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An overview of your rights as a construction worker

Construction sites are among the most dangerous places to work. So, as a result, safety is an overarching concern. In response to this, and many other dangerous professions, Congress passed the Occupational Safety and Health Act of 1970. This law empowered the Department of Labor to increase safety standards. The Department tasked the Occupational Safety and Health Administration with drafting and promulgating rules to regulate workplace safety. This is the entity that you should look to when trying to ascertain your rights and if you believe your employer has violated them.

First things first, you must be aware of your rights. Your employer must prominently post an official OSHA poster in a place in which you will be able to read it. This poster will describe your rights, responsibilities and the general function of OSHA. This is your one-stop-shop on what to do if your employer is not taking safety seriously. Additionally, your employer must explain in simple terms the specific health standards that apply to your workplace, in this case a construction site.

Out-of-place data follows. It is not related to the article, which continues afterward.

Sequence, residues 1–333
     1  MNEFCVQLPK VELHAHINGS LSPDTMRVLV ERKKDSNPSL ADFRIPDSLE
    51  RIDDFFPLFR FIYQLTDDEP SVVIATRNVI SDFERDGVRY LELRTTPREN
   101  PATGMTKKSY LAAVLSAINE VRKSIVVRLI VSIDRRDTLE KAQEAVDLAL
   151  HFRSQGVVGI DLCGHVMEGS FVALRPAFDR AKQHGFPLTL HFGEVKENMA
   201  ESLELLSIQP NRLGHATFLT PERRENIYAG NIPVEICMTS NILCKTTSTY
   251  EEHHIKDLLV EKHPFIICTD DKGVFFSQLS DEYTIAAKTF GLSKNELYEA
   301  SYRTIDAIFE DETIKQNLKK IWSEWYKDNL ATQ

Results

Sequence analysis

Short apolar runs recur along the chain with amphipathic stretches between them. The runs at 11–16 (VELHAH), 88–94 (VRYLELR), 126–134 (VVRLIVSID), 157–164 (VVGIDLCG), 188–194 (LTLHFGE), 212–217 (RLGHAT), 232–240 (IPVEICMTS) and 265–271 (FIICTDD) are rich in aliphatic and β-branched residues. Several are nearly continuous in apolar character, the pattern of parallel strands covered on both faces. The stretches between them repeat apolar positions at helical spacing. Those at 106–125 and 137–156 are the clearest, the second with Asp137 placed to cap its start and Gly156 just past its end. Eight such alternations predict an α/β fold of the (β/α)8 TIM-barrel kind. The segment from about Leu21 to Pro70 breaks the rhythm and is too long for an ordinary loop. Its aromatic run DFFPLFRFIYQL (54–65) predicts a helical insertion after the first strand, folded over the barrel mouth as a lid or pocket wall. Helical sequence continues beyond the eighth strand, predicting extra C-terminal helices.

After you know your rights, your employer must comply with them. Your boss must take the necessary steps to remove recognized hazards. This means that your employer is only responsible for hazards of which management is aware, so it is up to you to report any unsafe conditions. As part of this duty, your employer must also provide you with safe tools and equipment to fulfill your duties.

Finally, your employer must provide you with the necessary safety training. For construction sites, this means proper safety procedures for walking around the site, how to handle equipment, qualifications for handling that equipment and anything else that could be considered a hazardous activity.

If you believe that your employer is skirting OSHA safety regulations then you may want to speak to an attorney. You have a right to work in a safe environment, especially if you are a construction worker. You must take responsibility for guaranteeing your rights, the OSHA regulations are only as strong as you and your co-workers are willing to make them. Don't let a bad boss endanger your safety.

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